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I've tried to implement the counting sort algorithm in C.

What efficiencies can you spot? I squint at the end when running through the original array again to assign it the sorted array. Maybe there is a better way?

/**
* Sorts array of n values.
* Using counting sort O(n)
*/
void sort(int values[], int n)
{
  //set our known max length, initialize our placer array and then our sorted array
  int maxLength = 65536;
  int placer[maxLength];
  int sorted[n];

  //so we can know which indexes in our placer array are in values array
  for ( int i = 0; i < n; i++ ) {
    placer[ values[i] ] += 1;
  }

  //store the sum of previous elements in each element at each index because this will give us the sorted position
  for (int i = 0; i < maxLength; i++ ) {
    placer[ i + 1 ] += placer[i];
  }

  //fill the sorted array with the values elements using the corresponding placer index
  for ( int i = 0; i < n; i++ ) {
    sorted[ placer[ values[i] ] - 1 ] = values[i];
    placer [ values[i] ] -= 1;

  }

  //set the unsorted values array to the sorted array
  for (int i = 0; i < n; i++) {
    values[i] = sorted[i];
  }
}
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Off by one error

This loop goes over by 1 and writes past the last array element:

  for (int i = 0; i < maxLength; i++ ) {
    placer[ i + 1 ] += placer[i];
  }

You could either stop the loop at maxLength - 1, or rewrite the loop to start at 1 like this:

  for (int i = 1; i < maxLength; i++ ) {
    placer[i] += placer[i-1];
  }

Uninitialized variable causes crash

When I ran your program, it crashed due to an uninitialized variable, here:

int placer[maxLength];

Later on, you do placer[values[i]] += 1 without ever having cleared the placer array to zeros, so you can get garbage values in the array. You can fix this by clearing the array like this:

memset(placer, 0, sizeof(placer));

However, I recommend not using variable length arrays. One reason is that they are only optionally supported in the latest C standard. The other reason is that sometimes you can overflow your stack if you allocate a large variable length array. I would use calloc() here to allocate the counting array.

Simplify the function

It looks like you are using a version of counting sort that is used for radix sort, which needs to move elements around in the array. For a simple counting sort, you don't need to do that. After the counting pass, you can just fill in the original array with values from the counts, like this:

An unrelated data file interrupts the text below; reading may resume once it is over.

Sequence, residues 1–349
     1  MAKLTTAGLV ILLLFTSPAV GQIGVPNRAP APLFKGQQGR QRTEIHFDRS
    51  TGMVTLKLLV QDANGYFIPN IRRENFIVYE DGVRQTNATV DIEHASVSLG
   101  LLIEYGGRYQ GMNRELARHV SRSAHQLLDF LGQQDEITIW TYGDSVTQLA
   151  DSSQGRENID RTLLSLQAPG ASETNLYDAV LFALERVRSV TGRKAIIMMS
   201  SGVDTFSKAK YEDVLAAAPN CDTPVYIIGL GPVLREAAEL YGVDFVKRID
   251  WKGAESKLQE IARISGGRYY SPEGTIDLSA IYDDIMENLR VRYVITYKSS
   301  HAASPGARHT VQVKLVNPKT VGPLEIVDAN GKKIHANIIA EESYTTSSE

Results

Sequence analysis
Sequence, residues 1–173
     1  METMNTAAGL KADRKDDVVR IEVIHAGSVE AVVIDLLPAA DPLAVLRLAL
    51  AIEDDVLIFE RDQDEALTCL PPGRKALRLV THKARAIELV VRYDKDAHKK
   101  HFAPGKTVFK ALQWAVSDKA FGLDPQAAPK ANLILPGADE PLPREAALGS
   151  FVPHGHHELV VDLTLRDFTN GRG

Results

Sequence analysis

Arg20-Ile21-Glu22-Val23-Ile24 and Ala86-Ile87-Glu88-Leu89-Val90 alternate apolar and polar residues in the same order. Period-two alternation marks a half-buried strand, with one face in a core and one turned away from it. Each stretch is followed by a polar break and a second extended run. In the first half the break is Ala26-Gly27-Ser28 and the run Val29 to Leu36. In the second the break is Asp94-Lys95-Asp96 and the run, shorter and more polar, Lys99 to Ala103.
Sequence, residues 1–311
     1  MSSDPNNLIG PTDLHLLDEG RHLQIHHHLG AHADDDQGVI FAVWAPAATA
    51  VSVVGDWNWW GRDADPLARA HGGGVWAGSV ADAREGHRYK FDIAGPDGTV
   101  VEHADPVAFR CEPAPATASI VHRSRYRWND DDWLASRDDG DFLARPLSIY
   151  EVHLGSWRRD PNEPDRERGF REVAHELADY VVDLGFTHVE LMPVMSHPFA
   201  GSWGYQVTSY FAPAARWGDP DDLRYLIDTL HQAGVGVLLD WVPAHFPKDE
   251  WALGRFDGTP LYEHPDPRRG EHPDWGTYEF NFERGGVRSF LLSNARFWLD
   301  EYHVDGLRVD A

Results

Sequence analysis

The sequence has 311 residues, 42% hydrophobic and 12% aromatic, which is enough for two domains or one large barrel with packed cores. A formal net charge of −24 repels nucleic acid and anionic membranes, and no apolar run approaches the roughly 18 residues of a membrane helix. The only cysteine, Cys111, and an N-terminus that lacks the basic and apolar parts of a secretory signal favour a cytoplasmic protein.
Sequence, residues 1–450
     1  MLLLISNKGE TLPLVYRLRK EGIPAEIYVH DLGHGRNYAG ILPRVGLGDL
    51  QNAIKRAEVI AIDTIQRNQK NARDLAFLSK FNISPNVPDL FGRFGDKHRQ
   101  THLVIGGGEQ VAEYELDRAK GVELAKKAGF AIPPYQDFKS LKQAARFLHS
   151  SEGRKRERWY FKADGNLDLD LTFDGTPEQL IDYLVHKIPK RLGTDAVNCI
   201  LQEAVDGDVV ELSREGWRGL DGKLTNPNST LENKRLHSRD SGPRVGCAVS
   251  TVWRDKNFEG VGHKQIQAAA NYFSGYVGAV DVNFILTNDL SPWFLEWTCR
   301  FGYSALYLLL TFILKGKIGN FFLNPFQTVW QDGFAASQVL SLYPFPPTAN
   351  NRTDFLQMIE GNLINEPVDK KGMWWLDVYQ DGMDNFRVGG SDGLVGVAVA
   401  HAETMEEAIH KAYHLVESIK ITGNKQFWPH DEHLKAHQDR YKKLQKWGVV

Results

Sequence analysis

// Uses counting sort to sort an array which contains values in the
// range [0..65535].  The counting array is allocated using calloc() in
// order to avoid putting a large array on the stack.
void sort(int values[], int n)
{
    const int maxLength = 65536;
    int      *counts    = calloc(maxLength, sizeof(*counts));

    if (counts == NULL) {
        return;
    }

    for (int i = 0; i < n; i++) {
        counts[values[i]]++;
    }

    int outIndex = 0;
    for (int i = 0; i < maxLength; i++) {
        for (int j = 0; j < counts[i]; j++) {
            values[outIndex++] = i;
        }
    }

    free(counts);
}
| improve this answer | |
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  • \$\begingroup\$ Could you explain the last part of the simplified function to me? \$\endgroup\$ – Joseph Palomino Mar 1 '17 at 18:00
  • \$\begingroup\$ @JosephPalomino You loop through each number 0, 1, 2, .., 65535. For each number, you write k of that number into the output array, where k is the number of times you counted it in the input array, i.e. counts[i]. (The input array and output array are the same array but I'm just clarifying what is happening). The variable outIndex holds the place of where to write the next number in the output array. If you counted all the numbers correctly, you will end up writing exactly n numbers to the output array. \$\endgroup\$ – JS1 Mar 1 '17 at 18:34
  • \$\begingroup\$ Awesome, I understand it now. However, wont values[0] index never get written to? \$\endgroup\$ – Joseph Palomino Mar 1 '17 at 23:24
  • \$\begingroup\$ @JosephPalomino values[0] is written the very first time because outIndex starts as 0. The notation outIndex++ is a postIncrement, so the first time, it will write to values[0] and then increment outIndex to 1. \$\endgroup\$ – JS1 Mar 2 '17 at 0:07

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